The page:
I was domain joining some Redhat Enterprise Linux 7 boxes to a Windows domain. Everything went smoothly except many of my users could only see their Primary groups. Some users whom had more permissions on the domain could see all their groups, just not some particular users. This seems to be a common failure scenario for SSSD with AD, and many people have opened bugs or chimed in with different fixes online. I found the solution on one forum post, and it saved me, and I wanted to amplify it.
As long as some of your users can see all their groups, you know its not exactly a problem with RHEL connecting to AD, or a protocol like LDAP being blocked. A odd side effect of this setup was periodically the groups could be scanned and then it would show the users in that group. If I ran “sss_cache -E“, then “getent group SecondaryGroup“, some of the time it would show the users inside the group. Then once the user logged in, the user would be removed via that command, as well as when I ran “groups” under the user.
The SSSD log didnt have a ton of help other than it couldn’t read all the groups. I tried a TON of the recommended settings, like enabling enumerate = True, enumerate = false, ldap_use_tokengroups = true, ldap_use_tokengroups = false; none of these changed anything. Then https://serverfault.com/a/938893 mentioned it may be a permissions problem between the computer object in AD and the user object. I looked and sure enough, my system had NO permissions on the users that were failing. I attempted to add the tokenGroups permission mentioned in this article and that still didnt help, but we were on the right track!
The answer came from https://serverfault.com/a/796005, there is a permission needed called “Read Remote Access Information”, once that is granted to your computer object onto the user, then secondary groups will start populating. I gave “Domain Computers” that permission, since it seemed to only be effecting some of the Linux systems and Windows was happy to have it as well.
Some random commands that can help you debugging SSSD:
SSSD likes to cache a lot, making it hard to troubleshoot, using the following clears all caches and restarts SSSD:
I have a PXE environment that requires systems to boot up, then automatically login and start a program on boot. All of a sudden this stopped working after years of working. It took me a while to figure it out so figured I would post in case anyone else ran into this.
I have been doing auto login the recommended systemd for a while, as shown: https://wiki.archlinux.org/title/Getty. I copied /lib/systemd/system/getty@.service into /email@example.com. Then with a script edited it using sed in the build pipeline. In the end the line was:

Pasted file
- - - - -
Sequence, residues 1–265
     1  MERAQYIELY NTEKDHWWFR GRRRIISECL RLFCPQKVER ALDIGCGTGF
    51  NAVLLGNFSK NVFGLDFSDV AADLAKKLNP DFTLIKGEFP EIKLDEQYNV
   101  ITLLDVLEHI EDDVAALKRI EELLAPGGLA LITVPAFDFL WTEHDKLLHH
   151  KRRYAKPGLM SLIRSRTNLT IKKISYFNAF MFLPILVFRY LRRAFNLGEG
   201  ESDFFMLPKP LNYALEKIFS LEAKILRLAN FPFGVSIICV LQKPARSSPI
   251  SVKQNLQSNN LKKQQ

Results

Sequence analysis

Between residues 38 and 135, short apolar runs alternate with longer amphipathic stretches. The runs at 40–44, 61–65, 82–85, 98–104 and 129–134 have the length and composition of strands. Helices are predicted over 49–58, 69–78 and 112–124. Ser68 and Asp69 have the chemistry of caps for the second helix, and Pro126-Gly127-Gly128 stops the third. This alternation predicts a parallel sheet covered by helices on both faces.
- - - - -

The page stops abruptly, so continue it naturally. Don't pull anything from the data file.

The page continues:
This worked for YEARS, then suddenly stopped. In investigating, I saw another file was being written next to mine at /firstname.lastname@example.org ; with another e added to the end of service, making it servicee. After a lot of playing around with it and looking at other guides I figured out, there was a update to systemd/getty and now it cares that all options are before the terminal variable is presented. Changing that line to the following fixed it.
I had to password recover a Cisco ISR 4451, and kept having issues getting into the ROMMON prompt. Every guide mentioned sending a BREAK character during startup, but I could not get that to work. I was using the mini-USB port in the front, and as far as I knew did not have password recovery disabled. It turns out there is a problem with the mini-USB port and the Mac driver, I switched to using a traditional serial cable with a DB-9 connector/RJ45 serial port and suddenly I could get into ROMMON. I wanted to post incase anyone else runs into this.
Below is the startup process, at the end there you should be able to send a BREAK character.
Initializing Hardware ...
System integrity status: 00000610
Rom image verified correctly
System Bootstrap, Version 15.3(3r)S1, RELEASE SOFTWARE
Copyright (c) 1994-2013 by cisco Systems, Inc.
Current image running: Boot ROM0
Last reset cause: PowerOn
Cisco ISR4451-X/K9 platform with 4194304 Kbytes of main memory
Warning: filesystem is not clean
File size is 0x1d482044
<SEND BREAK HERE>
I was experimenting with integrating CentOS with my home Active Directory (AD) cluster. I wanted centralized user management, and for a stretch goal, get PKI login working for Smart Card auth. I have used winbind before to connect CentOS 6 to Active Directory, that configuration before was a bit annoying. These days with CentOS/RHEL 7 and 8 we have SSSD, which is more straight forward. For all the following tests I used Putty-CAC (link), a Windows app that allows GSSAPI, and Smart Card auth.